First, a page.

Thursday, January 13, 2011

Failure, Fear, and Being Empathic

For months before I left for college, I was horribly horribly anxious. I would put off any and all work that needed to be done to even get into college. I did no searching for scholarships. I put very little effort into the admission form and papers. I did just what was necessary to send it back. I was always so scared of not getting in, so scared I wouldn't get into college, and end up homeless, living in a box, under a bridge, starving to death.

That was my greatest fear: living in a cardboard box, under a bridge, starving to death. No job, no friends or family, no food. Slowly wasting away, alone.

I received my admission letter a little while later. I was accepted. Still, no searching for scholarships, and no work being done for the college at all. I got very lucky in finding a room in a dorm not on campus, but very close. It was one of 8 rooms left out of several hundred. I got very lucky. A nice nice room, and the dorm is very close to all my classes. And yet, I was still so scared I'd receive a letter saying I missed something important, and that I was not able to attend the university. And that I'd end up, under a bridge, in a box. My greatest moment of elation was during orientation, when I was registering for my classes. There was a teacher's assistant standing nearby, and I asked him if I could be denied still. His answer was, "Nope. If you're here, you're one of us now!" It was like god touched my heart, took it and cradled it. In that one moment, I didn't fear living in a box.

Then I got to college, and slowly got adjusted to my classes. Everything started out well. However, things slowly got worse. I started skipping questions on homework assignments. It was all online though, so it really didn't matter. My grades were all still rather good. Then I started skipping entire homework assignments. I slowly started feeling like it didn't matter, that it was too hard. I started sleeping in class, and even sleeping through class. I never studied. I started justifying my missed homework assignments with thoughts like "It won't make a difference, I'm going to fail anyway." I made the same justification for classes I missed. When I noticed my grades declining downward, I started fearing I'd fail out. I overheard a discussion on grades, and how if your GPA was less than 1.5 in your first semester, you were out. The box returned. But it was too late for me to try anything at that point, doing homework made me anxious, because I feared I'd fail, then fail the test, then fail the class, then fail out of college, and wind up in a box under a bridge. No logic could save me from that fear. I saw my grades getting worse and worse. B's to C's to D's to F's. And as I saw my grades start literally failing, I saw my fears coming to life. This terrified me to no end. The more I saw my fears begin to live, the more scared I got, and the less I did. The self-defeating cycle started to spin faster and faster, twisting up my stomach and heart more and more.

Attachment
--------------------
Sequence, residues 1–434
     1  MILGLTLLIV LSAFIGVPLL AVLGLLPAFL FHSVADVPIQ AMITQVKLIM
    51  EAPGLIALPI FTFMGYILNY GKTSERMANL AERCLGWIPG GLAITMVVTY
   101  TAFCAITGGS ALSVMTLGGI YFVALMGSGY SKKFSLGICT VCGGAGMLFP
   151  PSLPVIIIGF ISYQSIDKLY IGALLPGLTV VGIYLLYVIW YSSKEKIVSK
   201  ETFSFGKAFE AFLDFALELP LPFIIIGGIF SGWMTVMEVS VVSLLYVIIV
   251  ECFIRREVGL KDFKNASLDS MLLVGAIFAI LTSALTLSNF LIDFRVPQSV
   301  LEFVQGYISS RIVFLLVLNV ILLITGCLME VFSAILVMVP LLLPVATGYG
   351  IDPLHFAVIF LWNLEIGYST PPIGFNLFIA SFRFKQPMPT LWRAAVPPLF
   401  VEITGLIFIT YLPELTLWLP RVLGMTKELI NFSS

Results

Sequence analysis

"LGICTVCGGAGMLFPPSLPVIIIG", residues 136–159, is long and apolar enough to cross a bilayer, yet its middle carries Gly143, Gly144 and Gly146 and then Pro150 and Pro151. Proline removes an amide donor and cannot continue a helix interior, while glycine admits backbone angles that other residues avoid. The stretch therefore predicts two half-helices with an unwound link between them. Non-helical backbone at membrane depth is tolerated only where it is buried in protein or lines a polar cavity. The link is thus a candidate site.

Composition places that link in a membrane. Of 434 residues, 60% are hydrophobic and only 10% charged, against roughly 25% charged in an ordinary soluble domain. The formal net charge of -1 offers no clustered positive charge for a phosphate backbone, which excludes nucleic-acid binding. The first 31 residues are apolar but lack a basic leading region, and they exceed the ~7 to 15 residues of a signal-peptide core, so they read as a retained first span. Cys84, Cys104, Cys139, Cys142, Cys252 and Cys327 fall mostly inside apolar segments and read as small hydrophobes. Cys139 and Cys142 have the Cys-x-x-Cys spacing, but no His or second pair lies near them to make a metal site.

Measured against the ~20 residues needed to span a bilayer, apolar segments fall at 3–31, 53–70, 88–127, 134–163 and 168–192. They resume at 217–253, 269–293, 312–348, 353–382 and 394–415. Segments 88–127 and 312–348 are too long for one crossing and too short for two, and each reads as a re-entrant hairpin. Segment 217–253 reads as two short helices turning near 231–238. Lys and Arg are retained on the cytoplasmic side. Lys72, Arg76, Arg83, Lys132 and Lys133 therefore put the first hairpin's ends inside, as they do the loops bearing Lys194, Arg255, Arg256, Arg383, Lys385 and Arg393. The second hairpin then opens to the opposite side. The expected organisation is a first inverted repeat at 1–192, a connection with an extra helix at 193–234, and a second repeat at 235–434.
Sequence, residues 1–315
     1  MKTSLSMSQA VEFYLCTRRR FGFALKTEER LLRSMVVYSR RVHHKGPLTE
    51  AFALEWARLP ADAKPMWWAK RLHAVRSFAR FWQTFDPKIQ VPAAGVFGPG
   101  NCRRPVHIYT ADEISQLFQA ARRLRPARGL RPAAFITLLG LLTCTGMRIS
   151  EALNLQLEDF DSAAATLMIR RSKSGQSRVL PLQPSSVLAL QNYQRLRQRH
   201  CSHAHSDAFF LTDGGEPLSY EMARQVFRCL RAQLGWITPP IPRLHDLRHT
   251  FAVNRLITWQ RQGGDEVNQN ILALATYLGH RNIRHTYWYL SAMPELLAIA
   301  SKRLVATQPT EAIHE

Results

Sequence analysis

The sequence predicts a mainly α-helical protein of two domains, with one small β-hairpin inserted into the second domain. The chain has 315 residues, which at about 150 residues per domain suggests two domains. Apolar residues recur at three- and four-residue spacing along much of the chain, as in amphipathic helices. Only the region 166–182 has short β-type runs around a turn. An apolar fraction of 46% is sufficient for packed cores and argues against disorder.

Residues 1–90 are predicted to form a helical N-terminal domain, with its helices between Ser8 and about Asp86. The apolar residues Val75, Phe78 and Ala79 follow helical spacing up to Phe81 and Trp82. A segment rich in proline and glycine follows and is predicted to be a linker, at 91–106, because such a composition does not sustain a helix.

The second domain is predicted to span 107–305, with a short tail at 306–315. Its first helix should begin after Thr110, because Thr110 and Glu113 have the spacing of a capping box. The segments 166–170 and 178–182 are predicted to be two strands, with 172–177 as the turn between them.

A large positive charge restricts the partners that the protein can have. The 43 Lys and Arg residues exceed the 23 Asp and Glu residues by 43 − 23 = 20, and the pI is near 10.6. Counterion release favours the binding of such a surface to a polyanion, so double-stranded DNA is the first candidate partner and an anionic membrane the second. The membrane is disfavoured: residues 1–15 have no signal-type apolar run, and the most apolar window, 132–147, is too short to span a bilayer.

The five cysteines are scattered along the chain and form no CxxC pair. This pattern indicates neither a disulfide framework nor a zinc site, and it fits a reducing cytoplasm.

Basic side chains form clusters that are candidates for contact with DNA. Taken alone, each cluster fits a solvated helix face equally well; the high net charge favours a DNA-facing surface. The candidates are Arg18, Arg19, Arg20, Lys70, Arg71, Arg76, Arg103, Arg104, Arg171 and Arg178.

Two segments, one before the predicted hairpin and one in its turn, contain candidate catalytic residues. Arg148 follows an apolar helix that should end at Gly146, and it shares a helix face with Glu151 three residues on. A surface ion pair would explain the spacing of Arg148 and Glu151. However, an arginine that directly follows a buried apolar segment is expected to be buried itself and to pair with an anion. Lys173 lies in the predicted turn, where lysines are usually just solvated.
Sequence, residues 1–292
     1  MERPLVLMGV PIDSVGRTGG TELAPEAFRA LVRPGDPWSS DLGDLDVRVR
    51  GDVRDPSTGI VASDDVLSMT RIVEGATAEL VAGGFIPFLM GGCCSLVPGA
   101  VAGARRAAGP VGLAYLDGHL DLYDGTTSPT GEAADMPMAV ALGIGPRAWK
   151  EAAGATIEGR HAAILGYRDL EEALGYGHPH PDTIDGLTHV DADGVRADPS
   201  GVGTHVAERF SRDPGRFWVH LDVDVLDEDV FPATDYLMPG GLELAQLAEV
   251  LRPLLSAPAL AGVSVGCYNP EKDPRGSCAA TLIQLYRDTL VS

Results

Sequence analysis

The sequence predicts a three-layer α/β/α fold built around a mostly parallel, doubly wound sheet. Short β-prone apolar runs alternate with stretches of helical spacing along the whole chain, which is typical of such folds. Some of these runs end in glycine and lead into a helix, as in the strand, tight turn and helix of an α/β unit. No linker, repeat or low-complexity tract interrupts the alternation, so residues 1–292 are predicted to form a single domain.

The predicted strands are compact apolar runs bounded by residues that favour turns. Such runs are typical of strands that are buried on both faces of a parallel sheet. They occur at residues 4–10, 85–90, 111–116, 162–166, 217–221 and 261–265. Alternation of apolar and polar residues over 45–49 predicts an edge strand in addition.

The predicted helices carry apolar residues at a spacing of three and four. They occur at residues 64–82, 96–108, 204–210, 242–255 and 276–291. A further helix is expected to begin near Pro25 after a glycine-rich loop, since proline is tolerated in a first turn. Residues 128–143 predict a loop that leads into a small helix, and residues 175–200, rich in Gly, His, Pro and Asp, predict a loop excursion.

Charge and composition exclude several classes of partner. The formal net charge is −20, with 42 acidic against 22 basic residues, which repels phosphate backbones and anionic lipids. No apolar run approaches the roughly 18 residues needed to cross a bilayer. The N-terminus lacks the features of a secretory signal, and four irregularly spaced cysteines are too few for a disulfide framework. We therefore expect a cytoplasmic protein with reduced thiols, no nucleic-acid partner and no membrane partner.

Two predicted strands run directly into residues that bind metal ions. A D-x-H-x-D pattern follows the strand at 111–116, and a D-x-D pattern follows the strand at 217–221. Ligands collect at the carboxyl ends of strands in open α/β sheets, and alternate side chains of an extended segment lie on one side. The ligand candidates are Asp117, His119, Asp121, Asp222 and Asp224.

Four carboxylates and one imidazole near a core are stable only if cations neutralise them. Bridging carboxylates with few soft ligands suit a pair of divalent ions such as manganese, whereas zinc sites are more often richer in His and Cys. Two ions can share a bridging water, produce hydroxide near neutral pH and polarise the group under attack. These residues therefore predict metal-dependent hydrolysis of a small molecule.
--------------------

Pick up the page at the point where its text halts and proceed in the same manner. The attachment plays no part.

At the end of it all, I walked away with a D and a C- from two classes I fully expected to fail. In the former, I did a grand total of half the homework, consistently made C's on tests, and failed the final exam with a 30 out of 100. In the latter, I consistently failed the tests, did half the homework, and don't even know what became of the final.

But what followed me throughout the entire ordeal was that box. That fear. The box that represented my fear. Fear of being a failure.

That box, the idea of being homeless and alone is a metaphor for failure. It was my mind putting into a picture what I was afraid of. Homeless: financial failure. Alone: relationship failure. Starving: survival failure. Death: failure at life.

I was so afraid of failure that I wouldn't even try. If I didn't try and failed, it was because I didn't try. If I tried and failed, it meant I was a failure. It was too painful to have no excuse other than myself for failure, so I didn't even try. I put out the minimal amount of effort possible to protect my fragile ego, and what remained of my self esteem. That way it wasn't me who was a failure, it was my effort.

This may not seem like a relevant topic to empathy and being an empath. However, it strikes to the core of what many with empathy experience.

A fear of failure results mainly from a lack of self-esteem, which can stem from abuse, which can engender hypersensitivity, or as it is better known, being an empath. Thus, many empaths may have a fear of failure, which is very closely related to a fear of rejection.

To fear to open yourself up to another person, to fear to read to deep into another's mind, to fear to show any disagreement or frustration with a loved one, that is all a fear of failure or rejection in some form or another. And these are all fears most empaths deal with on a day to day basis.

So think about it. This isn't a blog about helping you overcome a fear. This is for you to perhaps see that within yourself. And if you can see it, and acknowledge it, you can learn from it, and overcome it.

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